Keep ‘need’ for things that you truly do need (air, food, love) and use ‘want’ the rest of the time.


Boost your confidence fast by working with me.   Book your POWER HOUR now!



6.  Have To


A bit like I need to’, this feels as though we are relinquishing control and some outer force is making us ‘have to’ do something.

Replace with ‘I’m going to’ or ‘I’m planning to’.

Take back the control!


7.  Just


I’m guilty of using this one a lot!  It can make you sound unsure about what you are saying.

Consider “I just want to ask you about….” vs “I want to ask you about….”

Which one sounds the most assertive?

I will often edit emails to remove all the ‘justs’.  Removing it from the conversation is still a work in progress for me!

There isn’t an alternative word to use here, take the just out altogether!


“If we understood the power of our thoughts, we would guard them more closely. If we understood the awesome power of our words, we would prefer silence to almost anything negative. In our thoughts and words, we create our own weaknesses and our own strengths. Our limitations and joys begin in our hearts. We can always replace negative with positive.” -Betty Eadie


8.  Try


Be more Yoda.

Do or do not, there is no try!


yoda statue


9.  Maybe


There are a couple of problems I see with the word ‘maybe’.

First of all, it can make you appear unconfident and indecisive.

Secondly, it doesn’t convey your honest answer and leaves room for doubt and misinterpretation.

Instead, if you really mean no, then simply say this instead.

The Assertive Communication Skills Masterclass contains a useful section on how to say no.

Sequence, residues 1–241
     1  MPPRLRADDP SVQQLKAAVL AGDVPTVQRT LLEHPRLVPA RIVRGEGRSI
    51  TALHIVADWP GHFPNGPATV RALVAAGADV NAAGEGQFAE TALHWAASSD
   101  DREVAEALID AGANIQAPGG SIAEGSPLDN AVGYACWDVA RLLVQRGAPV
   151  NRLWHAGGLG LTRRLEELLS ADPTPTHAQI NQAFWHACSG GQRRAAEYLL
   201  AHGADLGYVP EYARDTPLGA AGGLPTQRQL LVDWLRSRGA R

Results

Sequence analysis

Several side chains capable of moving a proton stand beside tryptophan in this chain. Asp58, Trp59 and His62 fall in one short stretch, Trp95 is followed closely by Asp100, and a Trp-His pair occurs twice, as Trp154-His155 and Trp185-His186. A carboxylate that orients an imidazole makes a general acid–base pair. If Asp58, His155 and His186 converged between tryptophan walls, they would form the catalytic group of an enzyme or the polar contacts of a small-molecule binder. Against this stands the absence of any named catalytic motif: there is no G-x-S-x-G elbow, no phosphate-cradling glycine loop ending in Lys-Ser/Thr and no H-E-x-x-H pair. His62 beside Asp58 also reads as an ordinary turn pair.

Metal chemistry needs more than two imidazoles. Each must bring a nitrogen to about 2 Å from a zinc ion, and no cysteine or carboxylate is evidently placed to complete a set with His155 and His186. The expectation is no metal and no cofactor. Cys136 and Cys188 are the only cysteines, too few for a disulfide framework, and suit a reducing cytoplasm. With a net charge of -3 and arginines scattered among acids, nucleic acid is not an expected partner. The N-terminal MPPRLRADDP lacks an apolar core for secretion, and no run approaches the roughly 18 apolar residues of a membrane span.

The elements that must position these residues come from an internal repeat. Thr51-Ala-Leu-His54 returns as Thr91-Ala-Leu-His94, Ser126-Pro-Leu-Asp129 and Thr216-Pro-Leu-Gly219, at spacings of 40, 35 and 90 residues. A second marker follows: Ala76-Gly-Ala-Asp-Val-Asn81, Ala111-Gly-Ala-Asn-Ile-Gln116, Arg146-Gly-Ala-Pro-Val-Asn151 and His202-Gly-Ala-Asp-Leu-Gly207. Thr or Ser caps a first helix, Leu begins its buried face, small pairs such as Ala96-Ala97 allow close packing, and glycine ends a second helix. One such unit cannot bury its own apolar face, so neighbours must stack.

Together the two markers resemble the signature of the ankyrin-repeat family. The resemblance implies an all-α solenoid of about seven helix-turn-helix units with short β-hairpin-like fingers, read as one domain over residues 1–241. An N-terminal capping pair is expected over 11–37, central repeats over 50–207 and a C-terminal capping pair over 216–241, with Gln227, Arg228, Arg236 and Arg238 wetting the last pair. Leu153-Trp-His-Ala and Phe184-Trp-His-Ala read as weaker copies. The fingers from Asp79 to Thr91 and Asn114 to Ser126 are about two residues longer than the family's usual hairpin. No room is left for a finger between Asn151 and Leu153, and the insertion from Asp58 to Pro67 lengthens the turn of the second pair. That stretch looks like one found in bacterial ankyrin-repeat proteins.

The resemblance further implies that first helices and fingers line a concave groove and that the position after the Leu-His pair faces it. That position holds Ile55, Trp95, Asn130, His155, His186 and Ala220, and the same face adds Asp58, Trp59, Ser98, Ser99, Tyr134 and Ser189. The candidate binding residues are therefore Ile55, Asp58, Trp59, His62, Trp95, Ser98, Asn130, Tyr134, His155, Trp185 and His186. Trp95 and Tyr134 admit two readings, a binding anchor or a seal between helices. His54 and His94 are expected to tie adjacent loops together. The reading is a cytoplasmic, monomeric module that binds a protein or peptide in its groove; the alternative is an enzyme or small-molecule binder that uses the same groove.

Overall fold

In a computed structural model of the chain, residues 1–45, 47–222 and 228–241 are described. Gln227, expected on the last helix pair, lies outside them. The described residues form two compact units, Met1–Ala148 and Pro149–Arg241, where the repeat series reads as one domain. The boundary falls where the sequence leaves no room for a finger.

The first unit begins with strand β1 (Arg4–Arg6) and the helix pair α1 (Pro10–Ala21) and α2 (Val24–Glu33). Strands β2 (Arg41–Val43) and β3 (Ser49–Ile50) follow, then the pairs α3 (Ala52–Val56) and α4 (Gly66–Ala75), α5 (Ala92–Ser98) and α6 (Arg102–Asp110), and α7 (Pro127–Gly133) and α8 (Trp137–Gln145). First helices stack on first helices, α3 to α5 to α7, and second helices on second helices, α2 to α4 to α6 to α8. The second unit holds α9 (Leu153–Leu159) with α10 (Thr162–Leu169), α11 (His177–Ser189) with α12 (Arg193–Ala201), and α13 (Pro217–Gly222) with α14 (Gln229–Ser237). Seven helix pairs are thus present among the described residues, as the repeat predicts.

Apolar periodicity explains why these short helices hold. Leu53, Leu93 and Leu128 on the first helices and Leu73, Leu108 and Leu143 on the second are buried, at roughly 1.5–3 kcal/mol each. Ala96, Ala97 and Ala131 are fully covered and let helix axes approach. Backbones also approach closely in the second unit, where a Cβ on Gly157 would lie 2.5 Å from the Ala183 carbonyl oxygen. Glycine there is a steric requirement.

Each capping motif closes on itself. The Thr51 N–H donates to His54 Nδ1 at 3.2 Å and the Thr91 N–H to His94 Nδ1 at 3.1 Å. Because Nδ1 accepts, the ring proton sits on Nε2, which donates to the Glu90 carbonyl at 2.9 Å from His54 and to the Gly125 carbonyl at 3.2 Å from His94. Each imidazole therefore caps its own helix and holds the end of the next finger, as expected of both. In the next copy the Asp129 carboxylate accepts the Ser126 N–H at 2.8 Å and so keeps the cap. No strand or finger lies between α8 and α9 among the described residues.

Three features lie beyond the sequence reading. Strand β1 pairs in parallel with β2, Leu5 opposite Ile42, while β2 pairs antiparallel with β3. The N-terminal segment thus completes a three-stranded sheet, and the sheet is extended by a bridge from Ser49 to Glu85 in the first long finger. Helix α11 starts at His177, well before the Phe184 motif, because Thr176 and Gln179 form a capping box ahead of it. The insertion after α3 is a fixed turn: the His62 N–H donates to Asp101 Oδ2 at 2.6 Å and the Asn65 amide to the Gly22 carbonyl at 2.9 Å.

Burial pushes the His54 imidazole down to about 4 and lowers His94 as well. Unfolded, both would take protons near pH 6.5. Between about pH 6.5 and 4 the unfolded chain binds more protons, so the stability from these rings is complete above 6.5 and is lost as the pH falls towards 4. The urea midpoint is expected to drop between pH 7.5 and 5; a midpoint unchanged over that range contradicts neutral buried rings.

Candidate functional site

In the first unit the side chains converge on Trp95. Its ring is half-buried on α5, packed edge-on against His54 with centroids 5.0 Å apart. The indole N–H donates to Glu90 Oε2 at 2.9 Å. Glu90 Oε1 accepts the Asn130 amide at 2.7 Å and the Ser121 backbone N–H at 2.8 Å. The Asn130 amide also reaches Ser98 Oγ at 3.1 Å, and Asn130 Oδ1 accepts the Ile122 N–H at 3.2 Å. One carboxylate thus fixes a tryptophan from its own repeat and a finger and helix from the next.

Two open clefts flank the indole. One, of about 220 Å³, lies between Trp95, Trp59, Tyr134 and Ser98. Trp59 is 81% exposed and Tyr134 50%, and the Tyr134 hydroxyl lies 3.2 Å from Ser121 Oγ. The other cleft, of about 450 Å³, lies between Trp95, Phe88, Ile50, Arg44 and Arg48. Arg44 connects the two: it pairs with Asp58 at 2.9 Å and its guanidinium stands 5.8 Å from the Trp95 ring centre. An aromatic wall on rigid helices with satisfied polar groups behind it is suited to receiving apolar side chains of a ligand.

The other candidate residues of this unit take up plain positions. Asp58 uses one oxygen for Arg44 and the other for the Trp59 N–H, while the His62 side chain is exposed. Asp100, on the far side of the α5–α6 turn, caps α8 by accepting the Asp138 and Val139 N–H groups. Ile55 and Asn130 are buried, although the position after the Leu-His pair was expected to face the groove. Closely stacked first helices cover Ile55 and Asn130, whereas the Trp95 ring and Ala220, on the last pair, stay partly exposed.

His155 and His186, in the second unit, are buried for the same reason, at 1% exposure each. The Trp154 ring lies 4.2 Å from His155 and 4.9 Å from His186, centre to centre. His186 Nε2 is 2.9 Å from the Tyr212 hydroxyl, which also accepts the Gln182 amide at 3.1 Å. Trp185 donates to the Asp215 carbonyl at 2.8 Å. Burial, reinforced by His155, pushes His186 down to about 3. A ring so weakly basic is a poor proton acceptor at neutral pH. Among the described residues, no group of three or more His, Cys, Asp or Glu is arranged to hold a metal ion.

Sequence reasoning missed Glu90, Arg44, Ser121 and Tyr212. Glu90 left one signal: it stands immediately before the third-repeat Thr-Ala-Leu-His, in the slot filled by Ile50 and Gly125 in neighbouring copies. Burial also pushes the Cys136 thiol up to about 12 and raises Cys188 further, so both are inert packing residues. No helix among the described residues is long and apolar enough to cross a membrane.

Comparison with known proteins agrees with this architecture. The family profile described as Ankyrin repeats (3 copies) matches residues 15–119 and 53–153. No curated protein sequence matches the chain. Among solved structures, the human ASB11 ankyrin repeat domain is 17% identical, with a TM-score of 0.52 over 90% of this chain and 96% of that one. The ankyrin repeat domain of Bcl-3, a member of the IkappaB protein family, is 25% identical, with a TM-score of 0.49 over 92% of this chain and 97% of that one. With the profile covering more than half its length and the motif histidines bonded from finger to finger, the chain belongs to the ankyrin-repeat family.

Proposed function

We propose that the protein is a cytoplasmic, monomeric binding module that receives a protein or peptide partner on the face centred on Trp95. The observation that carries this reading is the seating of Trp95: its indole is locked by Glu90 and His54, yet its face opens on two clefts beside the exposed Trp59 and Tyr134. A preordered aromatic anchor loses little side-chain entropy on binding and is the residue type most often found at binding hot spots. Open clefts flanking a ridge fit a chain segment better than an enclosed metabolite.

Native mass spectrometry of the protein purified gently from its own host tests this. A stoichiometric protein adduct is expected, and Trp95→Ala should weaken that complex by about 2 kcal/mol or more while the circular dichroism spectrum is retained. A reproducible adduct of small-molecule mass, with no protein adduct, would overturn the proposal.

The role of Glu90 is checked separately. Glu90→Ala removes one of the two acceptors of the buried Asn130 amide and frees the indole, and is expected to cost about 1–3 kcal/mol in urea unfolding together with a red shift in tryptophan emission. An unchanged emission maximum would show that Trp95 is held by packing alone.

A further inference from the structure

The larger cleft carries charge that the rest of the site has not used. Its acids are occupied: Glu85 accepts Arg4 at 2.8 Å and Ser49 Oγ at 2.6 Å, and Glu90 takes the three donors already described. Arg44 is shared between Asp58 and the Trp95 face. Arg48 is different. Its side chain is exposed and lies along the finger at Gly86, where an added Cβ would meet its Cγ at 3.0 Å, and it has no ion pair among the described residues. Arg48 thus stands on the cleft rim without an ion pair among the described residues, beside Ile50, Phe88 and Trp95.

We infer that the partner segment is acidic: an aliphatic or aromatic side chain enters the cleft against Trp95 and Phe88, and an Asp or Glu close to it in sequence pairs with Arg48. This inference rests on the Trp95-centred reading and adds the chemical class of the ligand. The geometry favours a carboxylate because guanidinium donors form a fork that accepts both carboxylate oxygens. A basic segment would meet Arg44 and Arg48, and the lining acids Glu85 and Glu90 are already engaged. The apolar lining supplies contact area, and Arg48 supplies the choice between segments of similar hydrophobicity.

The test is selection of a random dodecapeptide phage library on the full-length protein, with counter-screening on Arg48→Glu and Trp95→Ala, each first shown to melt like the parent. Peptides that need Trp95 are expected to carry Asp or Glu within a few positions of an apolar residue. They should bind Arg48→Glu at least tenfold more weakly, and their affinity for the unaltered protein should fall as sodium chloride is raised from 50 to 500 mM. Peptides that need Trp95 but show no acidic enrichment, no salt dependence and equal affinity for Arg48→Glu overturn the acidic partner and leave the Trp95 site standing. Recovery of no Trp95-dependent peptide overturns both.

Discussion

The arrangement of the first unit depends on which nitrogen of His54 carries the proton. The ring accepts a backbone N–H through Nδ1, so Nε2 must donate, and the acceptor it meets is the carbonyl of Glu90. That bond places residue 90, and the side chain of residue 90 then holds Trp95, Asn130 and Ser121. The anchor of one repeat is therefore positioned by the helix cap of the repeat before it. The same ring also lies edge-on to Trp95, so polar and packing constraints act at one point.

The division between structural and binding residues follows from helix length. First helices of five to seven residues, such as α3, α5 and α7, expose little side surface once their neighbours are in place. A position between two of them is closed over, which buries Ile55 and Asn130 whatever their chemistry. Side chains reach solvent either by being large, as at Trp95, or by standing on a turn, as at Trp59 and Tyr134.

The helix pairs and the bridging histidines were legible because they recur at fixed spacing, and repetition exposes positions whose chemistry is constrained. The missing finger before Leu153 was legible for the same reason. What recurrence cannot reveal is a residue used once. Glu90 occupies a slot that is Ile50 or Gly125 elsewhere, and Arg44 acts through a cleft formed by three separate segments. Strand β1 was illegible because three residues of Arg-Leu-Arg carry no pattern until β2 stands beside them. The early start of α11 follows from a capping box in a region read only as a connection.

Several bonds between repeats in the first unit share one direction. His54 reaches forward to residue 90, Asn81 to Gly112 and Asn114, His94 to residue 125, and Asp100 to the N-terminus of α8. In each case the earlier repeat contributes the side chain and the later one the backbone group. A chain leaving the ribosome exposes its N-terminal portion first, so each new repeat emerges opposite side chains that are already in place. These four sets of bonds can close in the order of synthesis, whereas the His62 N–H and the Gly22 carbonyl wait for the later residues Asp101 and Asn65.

10.  Busy


desk covered with papers, pens, glasses and laptop

Image from Pixistock


Have you noticed how some people use their ‘busyness’ like a badge of honour?

“I have so much to do.  I worked late last night and I’ll be busy at the weekend too”.

That said, having worked in Human Resources I have noticed that the younger generation value their downtime much more, so perhaps the word ‘busy’ will disappear from our language at some point…

Ask yourself if you really are ‘too busy’ to do something.  Or is it really something you simply don’t want to do.  If so, then say no without giving excuses.  Or say you choose not to do whatever it is.

If it is something you want to do, then re-evaluate what else is going on in your life at the moment.

Is there something you could drop that is less useful or wastes time?  And don’t forget that we all need to take a break to recharge our batteries!


11.  But


This can make you sound unsure and also put others on the defensive.

Also, think about how you feel if someone replies to your suggestion with “yes but….”

Do you feel that what you have said is being considered or that it’s been dismissed?

A great word to use instead of but is and.

Consider “I know you want some help but I don’t have time right now” vs “I know you want some help and I can’t help right now, how about tomorrow?”

I know which I’d prefer to be on the receiving end of!


12.  I Have No Choice


woman shrugging


I’ve found myself saying this a few times lately.

Then someone pointed out to me a few days ago that we always have choices.  In my case asking others for help (although difficult) is what helps me see my other options.

Instead of saying I have no choice, ask who could help you or what advice you would give to a friend in this situation to unlock alternative courses of action.


13.  Um


This is one I’m personally finding really hard to remove!  Let’s be honest it’s distracting if it’s said too often and certainly doesn’t add anything to the conversation.

I’m trying (oh no THAT word) to slow down my speech and replace the ‘ums’ with a pause (i.e. silence) instead.


14.  Sorry


This isn’t a word to stop saying forever.  Instead, use it where it’s warranted.